Document Type

Thesis

Date of Award

Spring 5-31-2017

Degree Name

Master of Science in Electrical Engineering - (M.S.)

Department

Electrical and Computer Engineering

First Advisor

MengChu Zhou

Second Advisor

Yun Q. Shi

Third Advisor

Xiwang Guo

Abstract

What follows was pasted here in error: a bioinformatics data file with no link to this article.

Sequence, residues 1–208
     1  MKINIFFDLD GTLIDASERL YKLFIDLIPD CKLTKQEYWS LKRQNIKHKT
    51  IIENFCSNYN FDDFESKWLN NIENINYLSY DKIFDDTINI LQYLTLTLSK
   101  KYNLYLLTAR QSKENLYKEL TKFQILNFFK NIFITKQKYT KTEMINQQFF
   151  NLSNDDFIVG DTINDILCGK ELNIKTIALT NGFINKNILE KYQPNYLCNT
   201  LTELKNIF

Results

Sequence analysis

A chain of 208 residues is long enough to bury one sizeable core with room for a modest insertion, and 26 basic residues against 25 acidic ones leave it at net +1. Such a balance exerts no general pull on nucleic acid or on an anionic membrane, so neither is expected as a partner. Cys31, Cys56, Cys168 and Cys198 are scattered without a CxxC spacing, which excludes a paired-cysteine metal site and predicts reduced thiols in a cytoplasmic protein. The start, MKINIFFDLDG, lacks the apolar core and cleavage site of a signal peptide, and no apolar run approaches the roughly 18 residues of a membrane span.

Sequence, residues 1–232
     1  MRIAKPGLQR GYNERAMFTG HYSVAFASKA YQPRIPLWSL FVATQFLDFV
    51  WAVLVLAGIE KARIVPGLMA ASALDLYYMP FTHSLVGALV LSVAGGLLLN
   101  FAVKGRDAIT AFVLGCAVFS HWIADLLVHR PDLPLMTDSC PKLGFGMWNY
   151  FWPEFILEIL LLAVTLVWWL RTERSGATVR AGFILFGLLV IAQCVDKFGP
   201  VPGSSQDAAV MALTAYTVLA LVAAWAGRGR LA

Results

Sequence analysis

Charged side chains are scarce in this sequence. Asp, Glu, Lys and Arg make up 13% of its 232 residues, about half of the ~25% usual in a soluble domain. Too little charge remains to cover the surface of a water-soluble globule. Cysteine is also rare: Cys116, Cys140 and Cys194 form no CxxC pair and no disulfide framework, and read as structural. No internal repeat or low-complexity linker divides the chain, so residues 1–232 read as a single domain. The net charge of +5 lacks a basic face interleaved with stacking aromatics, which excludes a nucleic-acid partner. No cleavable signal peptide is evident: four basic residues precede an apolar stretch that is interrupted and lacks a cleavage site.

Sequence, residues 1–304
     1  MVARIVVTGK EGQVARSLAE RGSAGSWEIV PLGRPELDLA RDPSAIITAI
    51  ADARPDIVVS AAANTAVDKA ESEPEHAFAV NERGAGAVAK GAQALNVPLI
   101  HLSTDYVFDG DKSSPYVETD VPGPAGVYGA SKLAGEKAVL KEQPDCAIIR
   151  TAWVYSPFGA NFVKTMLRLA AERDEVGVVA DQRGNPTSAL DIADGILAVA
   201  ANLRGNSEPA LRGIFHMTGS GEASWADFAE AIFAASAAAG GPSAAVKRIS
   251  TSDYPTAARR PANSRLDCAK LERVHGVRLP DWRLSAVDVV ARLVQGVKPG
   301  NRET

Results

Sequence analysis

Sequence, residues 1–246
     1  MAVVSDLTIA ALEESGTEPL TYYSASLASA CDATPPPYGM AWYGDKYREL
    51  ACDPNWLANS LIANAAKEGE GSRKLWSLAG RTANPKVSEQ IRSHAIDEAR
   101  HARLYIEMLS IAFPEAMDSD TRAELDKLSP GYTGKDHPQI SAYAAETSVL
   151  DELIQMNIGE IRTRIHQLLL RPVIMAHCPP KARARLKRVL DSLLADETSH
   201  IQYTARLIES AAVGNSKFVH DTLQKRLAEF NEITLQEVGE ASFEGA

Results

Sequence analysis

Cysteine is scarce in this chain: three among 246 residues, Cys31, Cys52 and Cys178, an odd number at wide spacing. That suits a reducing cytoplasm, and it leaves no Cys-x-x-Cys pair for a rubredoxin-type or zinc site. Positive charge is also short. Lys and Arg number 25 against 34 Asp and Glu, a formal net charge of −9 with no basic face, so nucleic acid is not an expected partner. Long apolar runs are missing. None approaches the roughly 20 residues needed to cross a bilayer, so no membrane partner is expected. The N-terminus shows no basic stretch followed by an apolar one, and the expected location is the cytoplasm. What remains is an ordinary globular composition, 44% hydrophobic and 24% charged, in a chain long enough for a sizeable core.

The world’s commercial unmanned aerial vehicle (UAV) industry has witnessed unprecedented boom in recent years. Delighted with an ample supply of this excellent high-tech product, global consumers are paying more attention on UAVs. Civilian UAVs now vastly outnumber military ones, with the estimate of over a million sold by 2016. An UAV has various degrees of autonomy as enabled by the use and precise control of motors. Traditional Direct Current (DC) motors are replaced by permanent magnet synchronous motors (PMSM) associated with the new power electronic inverters. Because of a PMSM’s higher power density than a DC motor, it reduces the rotor losses, thus improving its efficiency. The other improvement comes from the advanced control methods. The simple drive system based on a DC motor with open-loop control is outdated. High frequency switches in power electronic inverters offer an opportunity to change motor input voltage values and frequencies faster than ever before. Vector control approaches are employed with closed-loop feedback control, which brings high precision and good dynamics. Integrated inverter-motor drive systems are in progress. This thesis focuses on how to control PMSM installed in the UVAs with a high performance of dynamic response and fewer speed ripples. Field Oriented Control (FOC) is one type of vector controls to control a PMSM in a quadrotor. FOC of PMSM and Pulse Width Modulation (PWM) are introduced. The simulation results of FOC of PMSM with third-harmonic injection PWM and traditional FOC are compared. This comparison proves that FOC of PMSM with third-harmonic injection provides a better dynamic response for a quadrotor’s movement in vertical direction. In addition, since PWM is helpful to reduce the speed ripples, PMSM has a better steady-state response during operations.

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